Decrypting the "Catcher" in the Rye
January 2, 2014
Catcher in the Rye offers insight into
the misanthropic mindset of the Criminal Elite
By Hamad Subani
This article is dedicated to explaining a key paragraph from which The Catcher in the Rye derives its name which illustrates the Illuminati mindset. Keep in mind that J.D. Salinger's novel was intensely autobiographical. Speaking to his sister, Holden Caulfield says:
"Anyway, I keep picturing all these little kids playing some game in this big field of rye and all. Thousands of little kids, and nobody's around-nobody big, I mean-except me. And I'm standing on the edge of some crazy cliff. What I have to do, I have to catch everybody if they start to go over the cliff-I mean if they're running and they don't look where they're going I have to come out from somewhere and catch them. That's all I'd do all day. I'd just be the catcher in the rye and all. I know it's crazy, but that's the only thing I'd really like to be. I know it's crazy."
(left, Salinger in old age)
The establishment media has always interpreted these lines as Holden's concern for the rest of humanity. But in the book, we discover that Holden is a cynic, and cares little about humanity. He always strikes the reader as extremely narcissistic, bipolar and passive-aggressive.
He hates the school atmosphere because he has to rub shoulders with working-server class Americans. But of course, this does not mean he has no need for the rest of us. He helps himself to attractive women of the same server class he despises, and actually gets into a fight with a roommate who is more successful at getting them.
He wears a deer hunter cap, which he describes to his roommate as a "people-shooting hat," which is a metaphor for a predator-prey relationship. He strangely feels at peace in the museum where he can judge the exhibits. The petrified exhibits, locked in glass cages, can't judge him back.
In the real world, anything out of place, such as street graffiti, greatly disturbs him. Like the Ruling Elite, Salinger/Holden fears and loathes change and spontaneity, and instead loves predictability.
In another of Salinger's stories Raise High the Roof Beam, Carpenters, the protagonist throws a stone at the head of his sweetheart just because she was looking so beautiful. In his personal life too, Salinger left behind a trail of damaged girls.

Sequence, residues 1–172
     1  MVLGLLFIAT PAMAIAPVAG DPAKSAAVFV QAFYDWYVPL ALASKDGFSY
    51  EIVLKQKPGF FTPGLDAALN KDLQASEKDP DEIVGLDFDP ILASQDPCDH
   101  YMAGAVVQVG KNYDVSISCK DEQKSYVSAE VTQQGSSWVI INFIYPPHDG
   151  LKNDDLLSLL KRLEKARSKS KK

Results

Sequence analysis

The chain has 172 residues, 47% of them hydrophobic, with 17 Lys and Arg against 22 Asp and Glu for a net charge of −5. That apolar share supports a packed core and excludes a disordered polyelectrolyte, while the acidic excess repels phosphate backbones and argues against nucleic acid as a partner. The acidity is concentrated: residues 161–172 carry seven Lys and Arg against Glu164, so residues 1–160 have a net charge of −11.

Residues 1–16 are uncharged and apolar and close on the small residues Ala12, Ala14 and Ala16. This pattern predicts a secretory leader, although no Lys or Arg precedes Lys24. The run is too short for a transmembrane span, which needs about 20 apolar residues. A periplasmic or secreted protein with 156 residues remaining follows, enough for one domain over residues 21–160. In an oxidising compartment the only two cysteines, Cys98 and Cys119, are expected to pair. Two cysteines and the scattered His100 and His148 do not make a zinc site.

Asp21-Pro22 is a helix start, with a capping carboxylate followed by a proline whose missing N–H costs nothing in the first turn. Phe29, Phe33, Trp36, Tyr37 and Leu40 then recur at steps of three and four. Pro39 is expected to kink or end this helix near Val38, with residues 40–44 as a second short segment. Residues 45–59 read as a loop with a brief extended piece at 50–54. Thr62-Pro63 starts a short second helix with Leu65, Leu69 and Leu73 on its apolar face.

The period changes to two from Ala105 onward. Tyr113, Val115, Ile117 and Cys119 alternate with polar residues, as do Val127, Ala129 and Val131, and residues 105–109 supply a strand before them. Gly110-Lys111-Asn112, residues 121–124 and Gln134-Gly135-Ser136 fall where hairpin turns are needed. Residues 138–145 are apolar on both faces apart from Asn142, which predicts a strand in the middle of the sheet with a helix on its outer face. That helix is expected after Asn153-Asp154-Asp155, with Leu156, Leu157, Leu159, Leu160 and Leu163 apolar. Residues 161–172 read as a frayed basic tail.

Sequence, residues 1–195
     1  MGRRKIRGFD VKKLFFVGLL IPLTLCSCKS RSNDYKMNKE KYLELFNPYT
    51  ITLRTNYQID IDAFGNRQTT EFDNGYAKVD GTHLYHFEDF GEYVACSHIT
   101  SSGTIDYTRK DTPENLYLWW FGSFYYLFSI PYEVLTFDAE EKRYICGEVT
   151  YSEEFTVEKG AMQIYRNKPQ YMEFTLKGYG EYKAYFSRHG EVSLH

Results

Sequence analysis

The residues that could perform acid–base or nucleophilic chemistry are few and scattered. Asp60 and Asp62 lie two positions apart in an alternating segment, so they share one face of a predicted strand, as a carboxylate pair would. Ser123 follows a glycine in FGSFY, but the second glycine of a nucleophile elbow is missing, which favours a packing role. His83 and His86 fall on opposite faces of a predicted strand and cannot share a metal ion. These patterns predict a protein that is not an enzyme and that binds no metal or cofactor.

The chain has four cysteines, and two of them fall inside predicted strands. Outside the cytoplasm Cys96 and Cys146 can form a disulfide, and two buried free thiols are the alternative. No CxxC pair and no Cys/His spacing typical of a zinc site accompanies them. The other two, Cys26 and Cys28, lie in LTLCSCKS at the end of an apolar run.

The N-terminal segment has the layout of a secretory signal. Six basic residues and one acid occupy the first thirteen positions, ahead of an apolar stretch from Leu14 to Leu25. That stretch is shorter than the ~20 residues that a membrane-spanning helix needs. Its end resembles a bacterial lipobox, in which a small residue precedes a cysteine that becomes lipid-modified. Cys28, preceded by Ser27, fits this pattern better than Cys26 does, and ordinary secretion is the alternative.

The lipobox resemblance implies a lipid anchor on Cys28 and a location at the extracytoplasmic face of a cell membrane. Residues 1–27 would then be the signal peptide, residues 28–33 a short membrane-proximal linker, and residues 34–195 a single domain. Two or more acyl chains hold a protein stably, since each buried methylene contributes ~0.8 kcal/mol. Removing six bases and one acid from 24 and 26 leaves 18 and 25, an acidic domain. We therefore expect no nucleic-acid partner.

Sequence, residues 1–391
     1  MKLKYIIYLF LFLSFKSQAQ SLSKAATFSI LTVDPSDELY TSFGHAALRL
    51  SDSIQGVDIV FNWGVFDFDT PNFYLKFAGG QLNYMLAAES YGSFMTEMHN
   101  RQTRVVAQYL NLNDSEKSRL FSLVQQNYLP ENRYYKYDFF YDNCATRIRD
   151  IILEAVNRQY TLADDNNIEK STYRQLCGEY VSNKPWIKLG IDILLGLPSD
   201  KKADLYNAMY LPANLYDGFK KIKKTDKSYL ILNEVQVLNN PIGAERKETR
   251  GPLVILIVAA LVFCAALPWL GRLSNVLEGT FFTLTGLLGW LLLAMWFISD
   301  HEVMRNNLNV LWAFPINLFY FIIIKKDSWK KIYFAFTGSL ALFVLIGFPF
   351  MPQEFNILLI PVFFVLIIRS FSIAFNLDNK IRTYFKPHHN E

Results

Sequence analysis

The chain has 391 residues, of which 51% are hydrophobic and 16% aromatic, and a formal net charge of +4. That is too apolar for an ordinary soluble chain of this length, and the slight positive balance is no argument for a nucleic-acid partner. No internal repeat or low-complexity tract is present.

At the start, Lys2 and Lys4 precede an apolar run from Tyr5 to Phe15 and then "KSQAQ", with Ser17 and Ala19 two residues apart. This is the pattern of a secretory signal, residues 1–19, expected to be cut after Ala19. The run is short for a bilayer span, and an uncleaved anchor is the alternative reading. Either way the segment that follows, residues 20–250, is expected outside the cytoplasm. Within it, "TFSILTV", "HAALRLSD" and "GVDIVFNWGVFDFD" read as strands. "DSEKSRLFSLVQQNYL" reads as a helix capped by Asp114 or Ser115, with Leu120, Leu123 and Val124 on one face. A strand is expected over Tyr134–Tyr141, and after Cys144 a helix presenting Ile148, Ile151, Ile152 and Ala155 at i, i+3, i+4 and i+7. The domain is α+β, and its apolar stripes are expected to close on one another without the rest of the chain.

What could explain Salinger's/Holden's sudden spurt of concern for the children in the rye?
The answer lies in understanding that Salinger/Holden represents the megalomaniacs who run the show. What distinguishes them from us is not higher intelligence, better abilities or even more wealth. Rather, they possess an inexplicable tendency to catch/protect/possess/save/detain/control us. This is comparable to a greedy farmer, who always prefers to see cattle as livestock to be slaughtered, as opposed to having a purpose of their own.
THE "CLIFF" IS BOGUS TERROR
The vision of other people going about their business is deeply disturbing to the Criminal Elite, as is the vision of children running around in a rye field. They have to insert themselves into the situation. But not as an equal. Salinger/Holden does not envision himself as just another child in the rye field, but as the ONLY adult there. And he wants to catch the rest of the children.
This will sound dark, sociopathic and creepy to most reasonable readers. But Salinger closely followed his dear friend Ernest Hemingway's iceberg theory of writing. According to this theory, if a writer alludes to things that he has detailed knowledge about while deliberately omitting a lot of information, it will only make the narrative more intriguing and compelling. (On the other hand alluding little details about stuff the writer knows nothing about will immediately be noticed by readers).
In this case, Salinger alludes to the dark mindset of the Criminal Elite (which he is strangely proficient with), but immediately misdirects by adding another detail - the cliff. We are expected to trust his judgment that there is indeed a cliff looming in the background, which only he can see. But what if there was no cliff? And Salinger/Holden created it to conceal their misanthropic worldview from readers oblivious to the idea of an American ruling class?